Detroit — A video system investigators confiscated from the home of an armed robbery suspect fatally shot by a federal agent earlier this week could shed light on what happened.

The shooting of Terrance Kellom, 20, occurred Monday in the hallway on the first floor of the home in the 9500 block of Evergreen, at the foot of a stairway and possibly in the path of a video camera affixed to a wall at the top of the stairs.

According to a search warrant return that Kellom's father, Kevin, provided to The Detroit News, Detroit police confiscated a video monitor that he said contained a chip that may have captured the shooting.

The chip also contained video from cameras mounted in the living room, on the porch and on the side of the house, Kellom said.

Officers with a multi-jurisdictional task force that included city, suburban and federal officers went to the Kellom house to arrest Terrance Kellom, wanted for the armed robbery of a pizza delivery man.

Police say Kellom lunged with a hammer before he was shot by Mitchell Quinn, a U.S. Immigration and Customs Enforcement officer. Kevin Kellom, who witnessed the shooting, insists his son's hands were empty.

"I'm hoping the video shows what happened, because my son did not have a hammer," Kellom said.

Family attorney Karri Mitchell said Friday he's trying to contact the security service provider to see if the video footage is available on a cloud system.

Detroit police have the video and are reviewing it as part of their investigation.

According to the search warrant return, other items confiscated from the Kellom home about three hours after the shooting include:

A great neck claw hammer with a wooden handle, recovered from the hallway where the shooting occurred.

Four .40 caliber shell casings taken from the living room, which leads into the hallway.

A .40 caliber shell casing taken from the hallway.

Another casing recovered from the bathroom, which is adjacent to the hallway.

A seventh shell casing found in the hall closet.

Four fired bullet fragments were also recovered from two bedrooms, the hallway and the molding of the door leading to the stairway.

The black T-shirt Kellom was wearing, his cellphones, and the cellphones of his father and stepmother, Yvette Johnson.

"We got our phones back (Thursday)," Johnson said. She said nobody filmed the encounter with their phones.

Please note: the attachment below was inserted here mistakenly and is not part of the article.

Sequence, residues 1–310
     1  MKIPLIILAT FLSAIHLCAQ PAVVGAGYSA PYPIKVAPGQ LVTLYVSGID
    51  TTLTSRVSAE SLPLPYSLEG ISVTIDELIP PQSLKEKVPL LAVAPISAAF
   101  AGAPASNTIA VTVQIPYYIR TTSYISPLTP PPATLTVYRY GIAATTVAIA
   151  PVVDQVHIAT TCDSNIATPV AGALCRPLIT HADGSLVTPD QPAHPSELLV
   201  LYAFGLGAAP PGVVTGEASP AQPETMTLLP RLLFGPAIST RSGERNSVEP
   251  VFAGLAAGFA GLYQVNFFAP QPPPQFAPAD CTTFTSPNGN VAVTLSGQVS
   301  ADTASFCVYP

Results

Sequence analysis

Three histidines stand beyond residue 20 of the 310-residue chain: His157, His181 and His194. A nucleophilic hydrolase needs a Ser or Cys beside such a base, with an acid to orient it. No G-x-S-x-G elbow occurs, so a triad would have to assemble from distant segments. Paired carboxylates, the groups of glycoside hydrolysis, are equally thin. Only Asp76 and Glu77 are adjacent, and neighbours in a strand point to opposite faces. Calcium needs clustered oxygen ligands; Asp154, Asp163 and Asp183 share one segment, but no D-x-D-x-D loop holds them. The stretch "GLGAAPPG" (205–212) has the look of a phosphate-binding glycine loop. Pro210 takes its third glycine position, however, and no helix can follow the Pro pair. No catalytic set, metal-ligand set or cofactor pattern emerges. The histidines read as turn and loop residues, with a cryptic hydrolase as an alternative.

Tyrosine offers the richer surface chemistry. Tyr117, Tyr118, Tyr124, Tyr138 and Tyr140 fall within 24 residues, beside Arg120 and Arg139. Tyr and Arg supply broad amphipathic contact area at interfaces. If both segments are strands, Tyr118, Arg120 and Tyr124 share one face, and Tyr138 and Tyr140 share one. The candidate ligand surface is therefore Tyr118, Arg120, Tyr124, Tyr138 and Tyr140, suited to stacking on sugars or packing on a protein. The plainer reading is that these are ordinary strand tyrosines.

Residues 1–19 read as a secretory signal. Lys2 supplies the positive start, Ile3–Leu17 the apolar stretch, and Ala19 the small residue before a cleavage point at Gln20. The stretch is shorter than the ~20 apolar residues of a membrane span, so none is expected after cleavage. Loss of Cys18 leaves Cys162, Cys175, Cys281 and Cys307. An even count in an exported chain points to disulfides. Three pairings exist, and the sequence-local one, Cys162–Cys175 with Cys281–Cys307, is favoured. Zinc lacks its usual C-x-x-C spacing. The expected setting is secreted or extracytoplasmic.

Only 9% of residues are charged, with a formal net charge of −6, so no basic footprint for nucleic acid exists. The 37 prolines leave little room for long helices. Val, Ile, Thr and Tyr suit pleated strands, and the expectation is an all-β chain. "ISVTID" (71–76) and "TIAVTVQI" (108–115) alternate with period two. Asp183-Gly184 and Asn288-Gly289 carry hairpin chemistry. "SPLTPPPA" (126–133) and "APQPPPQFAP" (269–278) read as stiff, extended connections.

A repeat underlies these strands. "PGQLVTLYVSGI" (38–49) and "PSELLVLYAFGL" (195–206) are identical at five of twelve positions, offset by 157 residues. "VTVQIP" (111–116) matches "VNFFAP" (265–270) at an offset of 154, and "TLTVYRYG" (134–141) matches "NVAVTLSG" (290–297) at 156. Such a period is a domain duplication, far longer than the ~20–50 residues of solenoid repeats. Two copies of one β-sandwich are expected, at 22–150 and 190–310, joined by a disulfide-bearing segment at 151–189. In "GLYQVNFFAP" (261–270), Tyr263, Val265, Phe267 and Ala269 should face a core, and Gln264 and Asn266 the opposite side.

Besides the Detroit police inquiry, the U.S. Department of Homeland Security Office of the Inspector General is investigating the shooting. Detroit police are handling the criminal probe to see if there was any wrongdoing on the part of police and the federal agency is focusing on the internal investigation, since it was a federal agent who shot Kellom.

Quinn gave his statement to investigators Friday, Detroit Assistant Police Chief Steve Dolunt said.

Detroit Police Chief James Craig is not commenting on the case since the investigation is not completed, although he said he told the media Terrance Kellom had a hammer, hoping the information would calm irate residents.

"'No comment' by a police chief can foster distrust in the community and tends to suggest we're hiding something," Craig said. "I'm not going to reveal everything I know about an investigation, but I'll give the public enough so they know what took place."

Mitchell and Ron Scott, director of the Detroit Coalition Against Police Brutality, criticized the chief for telling reporters Kellom was armed with a hammer.

"In the future, if you don't have the matter fully investigated, don't speak to it," Scott said.

Craig replied: "If I sit there and say 'no comment,' I'll be criticized for that."

Police reportedly were called to the Kellom home by a girlfriend who claimed Terrance Kellom was beating her, but Mitchell disputed those reports.

"I talked to her, and she said it wasn't true," Mitchell said. "There are a lot of untrue things being said about this case."

Kevin Kellom and his wife say police told them they had a warrant to search the home, although they never produced one.

"There was no search warrant," Mitchell said.

However, if police felt Terrance Kellom's girlfriend was in danger when she reportedly called about being abused, they wouldn't need a warrant to enter the home, University of Detroit-Mercy law professor Larry Dubin said.

"If police think someone is in immediate danger, that could be a circumstance which would not require a search warrant," he said.

A private funeral for Terrance Kellom is planned for Wednesday.

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